Festival goers, creative types and colorful artworks filled the streets of Sherman Saturday for the 38th Annual Sherman Arts Fest. Held in the Sherman Municipal Ballroom and on the grounds of Lucy Kidd Key Park, Sherman Tourism and Main Street Manager Sarah McRae estimated this year’s attendance at more than 5,000 people and said the festival welcomed a record 140 vendors, representing local artists, businesses and organizations.


Offerings included an early-morning fun run, Sherman Art League contest, food trucks, musical and dance performances, and a host of family activities.


“The festival is a great way for area artists to showcase their work and for people to explore an enjoy it,” McRae said. “Art makes your quality of life better, your community happier.”


Sherman was officially recognized as a cultural district by the Texas Commission of the Arts in November 2018, making it one of just 40 other cities across the state with the same designation. McRae said North Texas cities like McKinney and Denton are known to attract visitors with their art scenes, so having a similar, art-supportive reputation will hopefully put Sherman on the map for more visitors.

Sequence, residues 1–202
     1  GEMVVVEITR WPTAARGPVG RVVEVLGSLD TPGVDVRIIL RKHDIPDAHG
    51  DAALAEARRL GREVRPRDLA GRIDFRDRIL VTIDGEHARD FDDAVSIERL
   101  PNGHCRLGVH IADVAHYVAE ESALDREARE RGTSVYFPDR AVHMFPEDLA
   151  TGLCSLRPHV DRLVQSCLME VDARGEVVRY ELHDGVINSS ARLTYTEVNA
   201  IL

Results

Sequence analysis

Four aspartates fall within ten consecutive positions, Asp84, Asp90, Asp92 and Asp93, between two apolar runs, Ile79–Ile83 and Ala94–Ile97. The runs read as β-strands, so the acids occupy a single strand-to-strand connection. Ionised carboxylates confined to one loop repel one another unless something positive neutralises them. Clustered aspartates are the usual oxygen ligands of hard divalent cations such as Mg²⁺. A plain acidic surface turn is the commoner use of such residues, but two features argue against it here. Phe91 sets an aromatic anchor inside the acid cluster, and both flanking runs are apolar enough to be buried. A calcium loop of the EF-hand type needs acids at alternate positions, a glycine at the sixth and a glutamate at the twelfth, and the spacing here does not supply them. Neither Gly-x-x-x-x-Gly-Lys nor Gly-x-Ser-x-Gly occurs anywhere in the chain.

“With our cultural district, we now really get to be a destination for the arts,” McRae said. “A lot of people base their tourism and travel plans on whether a city can offer something like that and if has a unique culture.”


John Wayne Smith of the Texoma Woodcarvers Guild was on hand Saturday with a large collection of hand-made and hand-painted statuettes. Smith said while even his smallest pieces can take as long as eight to 10 hours to carve, he and other artists — no matter their chosen medium — know creativity is all about the process and not the time it takes.


“You get to express your feelings while you do it and allows you to be a more creative person,” Smith said.


Festival goers were invited to make their own pieces Saturday with stations that offered opportunities for coloring, painting and photography. Though most works were bound for home and not the walls of a world-famous art museum, McRae said she hoped the festival would encourage more community members to create and support the arts.


“It doesn’t have to be a top-placing, blue ribbon-winning work of art, ” Mcrae said “It’s still worth doing and something that only you can make.”


Drew Smith is a reporter for the herald Democrat. Contact him at asmith@heralddemocrat.com.